When we look at things in terms of all possible games played (so 15 games for the drafted receivers from Weeks 1 through 16, to account for the bye week and excluding the non-fantasy-relevant Week 17), here is how the hit rates look. For the waiver-wire receivers, this again just includes games after the addition occurs.
The top-12 receivers boosted the hit rates for the top-30 ADP group (the numbers we examined previously), which is to be expected. However, even spending third- through seventh-round picks (roughly the range the WR13 through WR30 gets drafted) on receivers is a slightly better bet than trying to find options from the waiver-wire when you're looking for WR12-caliber games.
The floor is lower for even the year's top pickups (but remember that the numbers for the top-12 waiver adds and the top-30 waiver adds are basically the same because we can't really select the best waiver-wire receivers easily) compared to top-12 draft picks.
On the same note, though, there's not that much separation between waiver-wire pickups and mid-draft receivers. The WR13 to WR30 group has a higher chance for big games and a higher floor compared to the waiver-wire options, but all things considered, it's not a huge discrepancy.
Bridging the Gap
Okay, so waiver-wire receivers generally fail compared to the league's established receivers. But waiver-wire running backs are kind of hard to find, as well.
So let's merge the two. This is our Rogue One.
The table below shows the percentage of weeks during which players hit their top-12, top-24, and top-36 threshold in PPR points. (As a reminder: for receivers, that's 19.5, 14.5, and 11.0 points; for running backs, it's 16.5, 11.5, and 7.5.) For drafted players, this accounts for missed games during the season. For waiver-wire options, we're looking only at the games after they get added.
This is about as equal as we can make it when examining the risk and reward of drafting a back or receiver early.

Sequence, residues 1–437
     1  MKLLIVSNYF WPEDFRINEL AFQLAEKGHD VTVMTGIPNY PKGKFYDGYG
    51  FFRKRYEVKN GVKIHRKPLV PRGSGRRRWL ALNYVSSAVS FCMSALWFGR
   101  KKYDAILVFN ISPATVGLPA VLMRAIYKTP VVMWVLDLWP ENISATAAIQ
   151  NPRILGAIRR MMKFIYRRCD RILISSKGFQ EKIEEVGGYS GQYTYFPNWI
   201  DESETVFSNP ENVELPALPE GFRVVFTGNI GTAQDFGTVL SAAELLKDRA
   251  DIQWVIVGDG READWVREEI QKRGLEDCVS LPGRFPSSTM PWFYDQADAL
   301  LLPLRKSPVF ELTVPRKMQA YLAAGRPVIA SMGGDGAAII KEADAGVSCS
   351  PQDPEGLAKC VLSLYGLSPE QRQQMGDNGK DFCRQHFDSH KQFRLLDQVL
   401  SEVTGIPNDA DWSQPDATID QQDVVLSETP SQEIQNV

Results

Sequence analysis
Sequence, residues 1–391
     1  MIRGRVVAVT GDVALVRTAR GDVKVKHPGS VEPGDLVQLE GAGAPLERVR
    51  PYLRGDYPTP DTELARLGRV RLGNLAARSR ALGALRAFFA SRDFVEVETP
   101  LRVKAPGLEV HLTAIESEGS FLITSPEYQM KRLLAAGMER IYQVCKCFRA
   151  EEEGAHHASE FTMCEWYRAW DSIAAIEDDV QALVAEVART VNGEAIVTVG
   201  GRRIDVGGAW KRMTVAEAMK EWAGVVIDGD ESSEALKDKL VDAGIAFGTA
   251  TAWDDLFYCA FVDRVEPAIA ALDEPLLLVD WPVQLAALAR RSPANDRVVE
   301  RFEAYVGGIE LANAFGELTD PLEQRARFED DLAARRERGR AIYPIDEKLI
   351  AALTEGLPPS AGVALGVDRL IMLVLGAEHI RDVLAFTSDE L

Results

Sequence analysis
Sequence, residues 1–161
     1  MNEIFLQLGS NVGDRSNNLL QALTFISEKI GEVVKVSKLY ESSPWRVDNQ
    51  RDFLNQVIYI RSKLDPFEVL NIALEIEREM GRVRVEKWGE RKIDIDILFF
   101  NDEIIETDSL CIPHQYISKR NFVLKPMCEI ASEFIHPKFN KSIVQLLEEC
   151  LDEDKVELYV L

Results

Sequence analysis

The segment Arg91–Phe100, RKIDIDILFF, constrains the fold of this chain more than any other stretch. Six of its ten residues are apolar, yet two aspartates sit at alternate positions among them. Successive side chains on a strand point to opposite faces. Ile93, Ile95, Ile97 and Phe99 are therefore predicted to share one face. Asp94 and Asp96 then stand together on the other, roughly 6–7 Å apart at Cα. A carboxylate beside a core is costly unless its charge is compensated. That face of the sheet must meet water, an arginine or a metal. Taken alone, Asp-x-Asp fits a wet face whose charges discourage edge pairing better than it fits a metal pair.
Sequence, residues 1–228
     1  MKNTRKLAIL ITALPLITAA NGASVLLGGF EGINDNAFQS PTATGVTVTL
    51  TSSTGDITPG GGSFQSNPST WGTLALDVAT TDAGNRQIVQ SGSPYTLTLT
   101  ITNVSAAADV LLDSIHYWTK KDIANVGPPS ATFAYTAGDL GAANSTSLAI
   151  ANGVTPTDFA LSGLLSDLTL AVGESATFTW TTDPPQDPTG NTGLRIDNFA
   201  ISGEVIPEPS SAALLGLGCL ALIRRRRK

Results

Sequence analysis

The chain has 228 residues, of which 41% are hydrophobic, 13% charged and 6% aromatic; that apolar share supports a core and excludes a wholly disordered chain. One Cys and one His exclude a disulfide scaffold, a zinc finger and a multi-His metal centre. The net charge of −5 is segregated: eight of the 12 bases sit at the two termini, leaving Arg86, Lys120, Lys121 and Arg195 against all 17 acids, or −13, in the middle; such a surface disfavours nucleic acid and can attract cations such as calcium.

This table essentially suggests that, even when you account for missed games from drafted players, you're most likely to get a high-ceiling and high-floor outing from a top-12 drafted running back. Again, this isn't just the12 highest-scoring running backs on the year. Just the first 12 off the board.
Top-12 receivers are next on the list in terms of big games (as measured by the top-12 cutoff), but top waiver-wire adds at running back actually possess a higher floor than top-12 receivers.
That makes sense because we can always throw our waiver funds at a back who is slated to get volume for a few weeks, even if he doesn't do a ton with his touches. The guaranteed volume can lead to a decent floor (7.5 PPR points, in this case), compared to 11.0 PPR points needed for a top-36 showing from a receiver.
But taking running backs in the middle rounds (four through seven, or so, is least likely to yield success), based on this test. The WR13 to 30 is generally a better bet than the RB13 to 30 in terms of ADP.
Again, this isn't to say that we can't try to find usable receivers or running backs from the waiver-wire. That's silly.
The most actionable takeaway from all of this is probably that we should try to trade our waiver-wire receivers for more established receivers who are struggling to produce or for another position of need. There's obviously a demand for replacement receivers from the waiver-wire, but they just don't live up to the hype.
So instead, we can try to use the knowledge of how likely we are to fail with our waiver-wire pickups to make use of sounder strategies during the fantasy season.